Earlier this week, the Department of Justice announced its “Place to Worship Initiative” to help protect houses of worship and religious institutions against discrimination in the local land use process. Attorney General Jefferson Sessions announced the new initiative and stated that President Trump “is an unwavering defender of the right of free exercise [of religion], and under his leadership, the Department of Justice is standing up for the rights of all Americans.” The full statement reads:
The Constitution doesn’t just protect freedom to worship in private – it protects the public exercise of religious belief, including where people worship together. Under the laws of this country, government cannot discriminate against people based on their religion – not in law enforcement, not in grant-making, not in hiring, and not in local zoning laws. President Trump is an unwavering defender of the right of free exercise, and under his leadership, the Department of Justice is standing up for the rights of all Americans. By raising awareness about our legal rights, the Place to Worship Initiative will help us bring more civil rights cases, win more cases, and prevent discrimination from happening in the first place.
The press release states that the DOJ will seek to strengthen awareness of RLUIPA’s land use provisions by: hosting community outreach events, educating municipal officials and religious organizations about RLUIPA’s requirements, and providing training and resources for federal prosecutors. The DOJ’s first community outreach event is planned for June 25 in Newark, New Jersey.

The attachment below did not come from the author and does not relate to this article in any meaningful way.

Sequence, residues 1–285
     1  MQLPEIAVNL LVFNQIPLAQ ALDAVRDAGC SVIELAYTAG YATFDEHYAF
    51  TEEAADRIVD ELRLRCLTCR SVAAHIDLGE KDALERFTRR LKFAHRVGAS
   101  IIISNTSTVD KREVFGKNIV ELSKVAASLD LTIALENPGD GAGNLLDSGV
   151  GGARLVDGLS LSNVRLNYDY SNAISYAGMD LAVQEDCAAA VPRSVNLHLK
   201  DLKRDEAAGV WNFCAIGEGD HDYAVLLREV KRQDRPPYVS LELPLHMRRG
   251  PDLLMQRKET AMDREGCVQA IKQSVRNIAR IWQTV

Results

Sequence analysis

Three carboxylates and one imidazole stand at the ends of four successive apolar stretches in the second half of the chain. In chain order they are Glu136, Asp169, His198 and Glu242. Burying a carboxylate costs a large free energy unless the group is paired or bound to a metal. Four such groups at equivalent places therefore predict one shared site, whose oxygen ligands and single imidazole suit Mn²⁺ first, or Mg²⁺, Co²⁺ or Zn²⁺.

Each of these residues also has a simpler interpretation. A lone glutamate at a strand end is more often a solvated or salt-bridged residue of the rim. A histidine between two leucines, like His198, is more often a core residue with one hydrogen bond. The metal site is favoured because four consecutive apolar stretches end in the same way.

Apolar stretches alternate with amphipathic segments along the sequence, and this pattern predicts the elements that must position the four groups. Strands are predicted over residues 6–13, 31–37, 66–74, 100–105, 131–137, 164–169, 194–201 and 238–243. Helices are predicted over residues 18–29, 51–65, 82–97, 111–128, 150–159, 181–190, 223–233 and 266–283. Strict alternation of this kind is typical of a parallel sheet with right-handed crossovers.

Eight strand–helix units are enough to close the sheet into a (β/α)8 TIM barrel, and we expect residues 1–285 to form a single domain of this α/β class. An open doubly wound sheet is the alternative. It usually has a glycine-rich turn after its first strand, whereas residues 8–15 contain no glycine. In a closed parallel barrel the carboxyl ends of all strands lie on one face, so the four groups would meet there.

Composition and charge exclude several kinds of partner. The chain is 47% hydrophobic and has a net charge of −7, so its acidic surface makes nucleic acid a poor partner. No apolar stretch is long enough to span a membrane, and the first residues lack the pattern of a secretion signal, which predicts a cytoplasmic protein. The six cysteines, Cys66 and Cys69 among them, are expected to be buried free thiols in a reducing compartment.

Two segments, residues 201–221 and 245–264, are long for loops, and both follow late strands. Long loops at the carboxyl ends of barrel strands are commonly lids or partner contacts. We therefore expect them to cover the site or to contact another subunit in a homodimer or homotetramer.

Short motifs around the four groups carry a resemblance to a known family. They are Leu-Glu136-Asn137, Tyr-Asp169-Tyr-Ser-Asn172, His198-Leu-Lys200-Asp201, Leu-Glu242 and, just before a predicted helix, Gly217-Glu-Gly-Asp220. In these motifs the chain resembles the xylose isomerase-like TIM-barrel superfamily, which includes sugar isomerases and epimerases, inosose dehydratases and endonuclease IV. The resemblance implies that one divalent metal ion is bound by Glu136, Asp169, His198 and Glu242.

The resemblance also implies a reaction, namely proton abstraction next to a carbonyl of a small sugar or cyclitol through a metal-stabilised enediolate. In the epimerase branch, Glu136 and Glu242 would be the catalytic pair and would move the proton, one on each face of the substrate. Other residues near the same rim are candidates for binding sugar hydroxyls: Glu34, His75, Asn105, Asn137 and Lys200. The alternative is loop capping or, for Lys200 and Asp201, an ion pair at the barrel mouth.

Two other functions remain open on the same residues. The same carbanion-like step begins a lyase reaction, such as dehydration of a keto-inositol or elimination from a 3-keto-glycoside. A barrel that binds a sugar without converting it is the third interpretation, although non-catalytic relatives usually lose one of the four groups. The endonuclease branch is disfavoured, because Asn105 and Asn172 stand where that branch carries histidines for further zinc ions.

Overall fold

The same day it launched the Place to Worship Initiative, the DOJ filed a federal RLUIPA lawsuit against Borough of Woodcliff, New Jersey over the Borough’s denial of zoning approval for an Orthodox Jewish house of worship. The DOJ issued a press release describing the suit:
The complaint, filed in the District of New Jersey, alleges that Woodcliff Lake’s denial of a variance imposed a substantial burden on the Valley Chabad’s religious exercise. The complaint alleges that between 2005 and 2013, the Valley Chabad sought to purchase three different sites in the borough to construct a place of worship, and that the borough took steps to thwart each attempt. The complaint also alleges that after nine years of searching for a suitable location, in 2014 the Valley Chabad sought to construct a larger place of worship at its current location in the borough. After two years, 18 hearings, and substantial revisions by Chabad to address size and transportation concerns, the zoning board denied the application. The zoning board cited aesthetic concerns, the adverse impact on the ‘residential character of the neighborhood,’ and safety issues that were undermined by the testimony of the zoning board’s own experts.
The DOJ’s complaint in United States of America v. Borough of Woodcliff Lake and Woodcliff Lake Zoning Board of Adjustment (Dist. N.J. 2018) is available here.